The Prophetess Libuse by Karel Vitezslav Masek, 1893
Installation by Robert Seidel features colourful projections onto hanging abstract paper sculptures - video embedded below:
Hand-drawn sketches were the starting point for the installation grapheme. They delineate the artist’s initial creative idea and serve as the basis for the films projected, as well as for the form of the projection sculpture itself. These sketches are translations of memories and associations, which the artist, like in a diary, has captured from the most varied places and stations of life.
… The organic projection sculpture frees the film from the dogmatic limitations of rectangular silver screens and monitors. These delicate, laser-cut tissues float in the architectural space, light spills over them, and they come to life before the viewers’ eyes.
Currently shown at the Museum Wiesbaden, Germany.
You can find out more at Robert’s website here
I enjoy smiling active women, but, the horses faces is just too distracting/anxious making…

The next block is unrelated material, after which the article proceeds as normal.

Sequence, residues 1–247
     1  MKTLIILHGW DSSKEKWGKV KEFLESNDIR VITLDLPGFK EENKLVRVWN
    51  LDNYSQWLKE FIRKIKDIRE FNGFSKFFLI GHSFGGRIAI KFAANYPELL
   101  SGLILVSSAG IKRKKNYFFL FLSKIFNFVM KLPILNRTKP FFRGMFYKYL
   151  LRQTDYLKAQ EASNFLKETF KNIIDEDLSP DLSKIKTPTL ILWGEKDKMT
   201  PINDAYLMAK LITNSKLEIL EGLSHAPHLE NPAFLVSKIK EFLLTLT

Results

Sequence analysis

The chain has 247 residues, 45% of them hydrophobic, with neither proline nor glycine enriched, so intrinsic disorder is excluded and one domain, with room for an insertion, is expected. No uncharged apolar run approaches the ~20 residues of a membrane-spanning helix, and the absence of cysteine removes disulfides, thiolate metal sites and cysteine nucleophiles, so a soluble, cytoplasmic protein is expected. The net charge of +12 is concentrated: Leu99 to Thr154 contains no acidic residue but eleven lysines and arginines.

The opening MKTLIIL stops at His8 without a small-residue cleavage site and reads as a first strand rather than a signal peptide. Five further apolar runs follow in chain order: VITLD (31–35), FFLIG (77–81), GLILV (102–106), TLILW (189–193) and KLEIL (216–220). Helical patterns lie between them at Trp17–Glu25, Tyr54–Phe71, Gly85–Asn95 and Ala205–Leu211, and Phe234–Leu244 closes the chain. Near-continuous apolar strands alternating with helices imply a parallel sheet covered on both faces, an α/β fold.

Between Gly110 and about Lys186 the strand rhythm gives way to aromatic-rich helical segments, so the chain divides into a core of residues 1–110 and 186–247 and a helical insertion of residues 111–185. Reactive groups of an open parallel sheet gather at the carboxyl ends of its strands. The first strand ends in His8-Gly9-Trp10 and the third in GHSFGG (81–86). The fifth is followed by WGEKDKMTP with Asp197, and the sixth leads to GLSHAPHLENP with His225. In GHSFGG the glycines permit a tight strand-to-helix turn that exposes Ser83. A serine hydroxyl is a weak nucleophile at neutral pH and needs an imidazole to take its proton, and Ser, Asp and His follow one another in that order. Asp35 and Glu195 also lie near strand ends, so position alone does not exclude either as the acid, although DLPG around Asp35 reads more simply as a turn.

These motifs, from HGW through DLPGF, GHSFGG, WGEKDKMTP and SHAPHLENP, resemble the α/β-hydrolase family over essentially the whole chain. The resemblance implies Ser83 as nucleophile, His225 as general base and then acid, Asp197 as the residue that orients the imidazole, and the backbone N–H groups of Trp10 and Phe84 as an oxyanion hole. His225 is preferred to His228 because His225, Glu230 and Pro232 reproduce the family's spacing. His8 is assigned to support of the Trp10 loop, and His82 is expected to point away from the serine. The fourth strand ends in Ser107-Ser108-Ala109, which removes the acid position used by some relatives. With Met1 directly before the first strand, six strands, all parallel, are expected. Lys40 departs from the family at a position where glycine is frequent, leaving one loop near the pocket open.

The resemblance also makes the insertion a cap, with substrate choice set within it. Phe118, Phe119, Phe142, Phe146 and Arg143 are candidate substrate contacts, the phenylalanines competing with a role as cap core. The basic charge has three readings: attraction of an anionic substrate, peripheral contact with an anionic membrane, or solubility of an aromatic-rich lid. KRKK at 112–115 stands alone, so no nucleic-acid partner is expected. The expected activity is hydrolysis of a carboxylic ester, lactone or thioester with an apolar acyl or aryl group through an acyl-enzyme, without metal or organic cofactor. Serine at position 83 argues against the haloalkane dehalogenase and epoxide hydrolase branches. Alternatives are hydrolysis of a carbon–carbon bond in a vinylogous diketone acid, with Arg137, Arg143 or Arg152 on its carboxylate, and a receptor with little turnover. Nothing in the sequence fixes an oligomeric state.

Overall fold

The contrast between the enjoyment on the women’s faces and the terror/overexertion on the horses’ faces makes me wonder if the artist is making commentary on the treatment of the horses, or if they just think panicked/angry/scared horse faces are really interesting to draw.
Wayne Barlowe’s Hell-themed artwork
I love how weird he gets with this ish.
Fine, detailed and subtle animated artwork created by New York illustrator Rebecca Mock. Apparently the animated gif back to stay, gradually more and more people are exploring this old format and customers asking for shouting. Several of these illustrations were created for the New York Times or The Warlus magazine.
I like caramel :]
Found an artbook of J.C. Leyendecker at a friend’s house and fell in love with the way he paints hair. Close-up here.
What if mermaids live really long - and the longer they live, the bigger they grow?
(I guess the bigger they grow, the harder it is for them to stick their torso and even their head out of the water. That’s why no one ever sees the big ones. And definitely never the huge ones.)
A bit late to the party, but here’s my contribution to Julie Dillon’s Catalog of Merfolk. I didn’t have nearly as much time to finish this as I wanted, but I have to be up in 5 hours so this will have to do!